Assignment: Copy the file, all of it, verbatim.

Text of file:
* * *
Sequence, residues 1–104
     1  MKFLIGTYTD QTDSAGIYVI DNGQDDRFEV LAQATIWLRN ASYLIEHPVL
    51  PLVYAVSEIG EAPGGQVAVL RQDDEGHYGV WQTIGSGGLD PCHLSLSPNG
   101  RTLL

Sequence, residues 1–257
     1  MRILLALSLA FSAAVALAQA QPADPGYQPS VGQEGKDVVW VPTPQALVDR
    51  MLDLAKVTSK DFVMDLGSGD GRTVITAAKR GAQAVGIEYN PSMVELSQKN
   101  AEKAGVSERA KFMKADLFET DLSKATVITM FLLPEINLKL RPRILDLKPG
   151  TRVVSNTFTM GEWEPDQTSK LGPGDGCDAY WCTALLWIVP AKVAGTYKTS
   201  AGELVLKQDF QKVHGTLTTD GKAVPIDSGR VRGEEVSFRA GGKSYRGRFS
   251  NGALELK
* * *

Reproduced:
Sequence, residues 1–104
     1  MKFLIGTYTD QTDSAGIYVI DNGQDDRFEV LAQATIWLRN ASYLIEHPVL
    51  PLVYAVSEIG EAPGGQVAVL RQDDEGHYGV WQTIGSGGLD PCHLSLSPNG
   101  RTLL

Sequence, residues 1–257
     1  MRILLALSLA FSAAVALAQA QPADPGYQPS VGQEGKDVVW VPTPQALVDR
    51  MLDLAKVTSK DFVMDLGSGD GRTVITAAKR GAQAVGIEYN PSMVELSQKN
   101  AEKAGVSERA KFMKADLFET DLSKATVITM FLLPEINLKL RPRILDLKPG
   151  TRVVSNTFTM GEWEPDQTSK LGPGDGCDAY WCTALLWIVP AKVAGTYKTS
   201  AGELVLKQDF QKVHGTLTTD GKAVPIDSGR VRGEEVSFRA GGKSYRGRFS
   251  NGALELK